4x4x4 Rubik’s Cube – Rubik’s Revenge
The Rubik’s Revenge is the 4x4x4 version of the Rubik’s Cube. This is also a Hungarian invention, designed by Sebestény Péter. The interesting about this twisty puzzle is that can be used as a 2x2x2 if we don’t rotate the outer layers and like a 3x3x3 if we rotate only the outer layers. There are about 7.4×1045 possible permutations for this puzzle, which is quite a huge number.
It has 24 edges, 24 centres and 8 corner fields. From the inside it’s is similar to a Rubik’s Cube but in this case the 4 centre pieces are held together. To take it apart pop out a centre piece with a screwdriver. I don’t recommend taking apart the whole cube because reassembling can be hard unless you have four spare hands.
Maybe the most common 4x4x4 mod is the Octahedron, but there is a pillowed version, the Mirror 4x4x4 and 4x4x5 cube based on a similar mechanism. In some cases they fuse together some pieces changing the solution method. The 4x4x4 Circle Magic has a circle in the centre making it more tricky. An easier version is the Super Mask Magic where you don’t have to orient the edge pieces and the centres are all the same.
The solution is a little bit more complicated than the classic Magic Cube’s method, but if you know how to solve a 3x3x3 then you will learn fast how to fix the Rubik’s Revenge. I assume that at this point you are familiar with the notation of the Rubik’s Cube. We are going to mark the double layer turns with lower case letters. The 4x4x4 cube is an even order puzzle and it doesn’t have a fixed centre piece which determines the colour of a face. If you’re not familiar with the colour scheme of the cube first you have to find which colour goes where by checking the corner pieces. According to this you have to make the 2×2 centres and after that pair the corresponding edge pieces. When this is done correctly the puzzle can be solved like a 3x3x3 Rubik’s Cube. For the sake of this tutorial let’s mark the pieces of a field with numbers from 1 to 16.
1. Solve the centres
Let’s begin the solution with the white 2×2 centre (marked with 6-7-10-11). This can’t be such a big challenge. After that do the opposite 2×2 centre (usually yellow, but you can check the corner colours to make sure). The algorithm to move pieces from the front face to the top while the white face remains intact at the bottom: r U2 r’, r U r’ or r U’ r’ (r means you have to rotate the two right layers together). This will bring F7 F11 pair to the U10 U6 positions. In the last step you can place the yellow pieces in F7 F11 U7 U11 positions and do a r U2 r’.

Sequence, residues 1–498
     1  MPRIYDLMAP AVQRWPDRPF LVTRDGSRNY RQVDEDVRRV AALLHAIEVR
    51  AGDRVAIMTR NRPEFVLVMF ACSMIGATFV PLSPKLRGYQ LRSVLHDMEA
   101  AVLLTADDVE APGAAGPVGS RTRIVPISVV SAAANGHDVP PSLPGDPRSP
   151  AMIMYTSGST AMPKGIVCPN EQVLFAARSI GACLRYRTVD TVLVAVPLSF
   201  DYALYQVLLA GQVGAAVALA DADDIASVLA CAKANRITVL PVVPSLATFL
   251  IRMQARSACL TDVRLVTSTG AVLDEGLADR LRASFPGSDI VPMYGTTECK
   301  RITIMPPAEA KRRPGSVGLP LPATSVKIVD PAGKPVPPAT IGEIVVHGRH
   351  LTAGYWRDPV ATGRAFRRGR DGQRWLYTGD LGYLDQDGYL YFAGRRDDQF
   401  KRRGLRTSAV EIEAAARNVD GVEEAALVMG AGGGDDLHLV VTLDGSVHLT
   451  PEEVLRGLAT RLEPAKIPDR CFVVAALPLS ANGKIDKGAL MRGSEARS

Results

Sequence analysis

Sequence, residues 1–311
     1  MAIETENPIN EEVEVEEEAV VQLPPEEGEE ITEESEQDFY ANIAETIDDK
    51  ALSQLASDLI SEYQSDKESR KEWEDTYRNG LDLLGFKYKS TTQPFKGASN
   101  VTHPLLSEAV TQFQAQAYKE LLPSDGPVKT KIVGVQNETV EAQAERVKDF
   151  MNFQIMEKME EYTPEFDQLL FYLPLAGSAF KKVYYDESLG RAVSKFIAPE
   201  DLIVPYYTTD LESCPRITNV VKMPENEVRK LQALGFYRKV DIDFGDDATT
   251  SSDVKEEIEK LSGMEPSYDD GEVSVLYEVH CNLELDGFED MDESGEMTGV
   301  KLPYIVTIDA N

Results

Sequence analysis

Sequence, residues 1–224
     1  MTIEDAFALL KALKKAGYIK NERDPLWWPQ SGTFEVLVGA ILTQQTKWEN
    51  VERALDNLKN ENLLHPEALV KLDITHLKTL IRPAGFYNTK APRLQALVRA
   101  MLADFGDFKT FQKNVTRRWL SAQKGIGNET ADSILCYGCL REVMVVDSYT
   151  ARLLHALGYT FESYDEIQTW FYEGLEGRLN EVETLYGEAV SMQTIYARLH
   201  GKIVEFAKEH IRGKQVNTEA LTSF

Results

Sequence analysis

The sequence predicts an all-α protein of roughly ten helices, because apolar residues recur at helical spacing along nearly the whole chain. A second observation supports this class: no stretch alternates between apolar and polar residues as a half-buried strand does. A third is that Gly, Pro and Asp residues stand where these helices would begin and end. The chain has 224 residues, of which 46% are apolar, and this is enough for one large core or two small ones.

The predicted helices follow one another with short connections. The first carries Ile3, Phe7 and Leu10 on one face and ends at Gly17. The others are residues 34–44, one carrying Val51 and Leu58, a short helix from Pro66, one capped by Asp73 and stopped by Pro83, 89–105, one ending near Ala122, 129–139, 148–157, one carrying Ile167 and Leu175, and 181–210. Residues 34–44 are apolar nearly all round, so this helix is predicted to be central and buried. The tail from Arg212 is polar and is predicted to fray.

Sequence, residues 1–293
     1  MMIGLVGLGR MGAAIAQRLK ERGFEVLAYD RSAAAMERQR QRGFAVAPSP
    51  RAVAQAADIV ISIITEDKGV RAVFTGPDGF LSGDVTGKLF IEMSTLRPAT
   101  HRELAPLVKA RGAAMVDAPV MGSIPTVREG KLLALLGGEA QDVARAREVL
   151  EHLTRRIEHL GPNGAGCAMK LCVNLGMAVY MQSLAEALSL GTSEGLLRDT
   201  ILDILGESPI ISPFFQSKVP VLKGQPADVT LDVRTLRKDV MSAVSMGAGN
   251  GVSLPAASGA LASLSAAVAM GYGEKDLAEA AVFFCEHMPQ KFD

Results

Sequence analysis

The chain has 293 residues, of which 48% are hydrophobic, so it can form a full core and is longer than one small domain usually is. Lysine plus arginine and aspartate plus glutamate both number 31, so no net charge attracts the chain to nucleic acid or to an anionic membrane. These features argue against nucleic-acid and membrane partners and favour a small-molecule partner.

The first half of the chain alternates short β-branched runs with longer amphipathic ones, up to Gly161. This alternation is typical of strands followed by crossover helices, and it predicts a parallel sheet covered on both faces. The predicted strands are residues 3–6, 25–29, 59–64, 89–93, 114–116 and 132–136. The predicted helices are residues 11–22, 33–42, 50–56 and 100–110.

When white and yellow centres are done check the corner pieces to figure out the locations of the other four centres related to each other. Hold the cube in your hands with the white and yellow centres facing right and left. Do the next 4 centres one-by-one using the previous algorithms not messing up the already solved pieces. When the step is complete double check that the centres are on the right place.
2. Pair the corresponding edge pieces
Using the u L` U` L u` (and it’s symmetric: u’ R U R’ u) algorithm get every edge piece next to its pair. Before using this algorithm make sure there are no paired edges on the left-top edge of the cube, because these will be messed up (also check the right-top before applying the symmetric algorithm). You can use the d R F` U R` F d` algorithm if the corresponding edges are facing each other. This algorithm is not messing up other pieces.
3. Solve the Cube like a 3x3x3
The puzzle now can be seen as a scrambled 3x3x3 Rubik’s Cube, solve it like that. If you don’t know how to do that find the beginner’s method here or use the online Rubik’s solver to finish the solution of the 4x4x4 cube.
4. Solve parities
Usually you will be facing a parity. Some pieces are switched or oriented in the wrong way. We have long algorithms to fix these issues.
F = outer front face
f = 2 front layers together
2F = inner front layer
These by themselves mean a clockwise rotation, half turn if followed by 2 and counterclockwise rotation if followed by an apostrophe.
To switch U1 and U16 do the algorithm:
r2 2F2 U2 f2 – D r2 U2 f2 – U’ f2 L2 U2 – B2 l2 U
To swap U13 and U16:
R U’ R B2 – L’ D L B2 R2 – U 2R2 F2 2R2 – f2 2R2 2F2
Reorient 14 and 15:
r2 B2 U2 l – U2 r’ U2 r – U2 F2 r F2 – l’ B2 r2